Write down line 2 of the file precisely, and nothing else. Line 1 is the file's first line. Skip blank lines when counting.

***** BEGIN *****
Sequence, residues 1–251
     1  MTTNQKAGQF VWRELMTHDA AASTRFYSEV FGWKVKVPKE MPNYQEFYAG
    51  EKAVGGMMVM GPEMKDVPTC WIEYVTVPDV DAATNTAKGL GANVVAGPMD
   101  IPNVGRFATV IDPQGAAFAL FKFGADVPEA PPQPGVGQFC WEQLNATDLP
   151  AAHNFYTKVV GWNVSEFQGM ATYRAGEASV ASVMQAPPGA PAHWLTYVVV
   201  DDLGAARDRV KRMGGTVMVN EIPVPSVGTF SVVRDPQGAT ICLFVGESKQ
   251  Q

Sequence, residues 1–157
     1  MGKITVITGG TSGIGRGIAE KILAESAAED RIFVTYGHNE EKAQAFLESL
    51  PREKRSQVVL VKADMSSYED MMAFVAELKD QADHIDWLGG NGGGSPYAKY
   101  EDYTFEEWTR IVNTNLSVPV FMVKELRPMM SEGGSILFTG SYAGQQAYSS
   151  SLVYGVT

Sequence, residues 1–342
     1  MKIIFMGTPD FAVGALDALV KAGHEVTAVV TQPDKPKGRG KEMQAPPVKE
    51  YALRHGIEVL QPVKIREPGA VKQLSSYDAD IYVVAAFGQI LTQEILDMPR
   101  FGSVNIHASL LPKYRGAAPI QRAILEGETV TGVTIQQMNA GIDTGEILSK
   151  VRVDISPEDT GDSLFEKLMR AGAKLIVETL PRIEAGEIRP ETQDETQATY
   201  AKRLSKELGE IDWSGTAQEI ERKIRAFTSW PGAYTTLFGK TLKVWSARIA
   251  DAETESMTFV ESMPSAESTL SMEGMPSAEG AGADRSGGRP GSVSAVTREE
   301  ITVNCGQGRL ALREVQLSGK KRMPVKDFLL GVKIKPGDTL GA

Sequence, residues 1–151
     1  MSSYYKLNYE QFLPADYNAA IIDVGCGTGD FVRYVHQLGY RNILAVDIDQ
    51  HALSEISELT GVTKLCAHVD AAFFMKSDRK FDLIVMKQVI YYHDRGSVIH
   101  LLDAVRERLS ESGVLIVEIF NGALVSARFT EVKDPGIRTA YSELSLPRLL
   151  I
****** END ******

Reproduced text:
     1  MTTNQKAGQF VWRELMTHDA AASTRFYSEV FGWKVKVPKE MPNYQEFYAG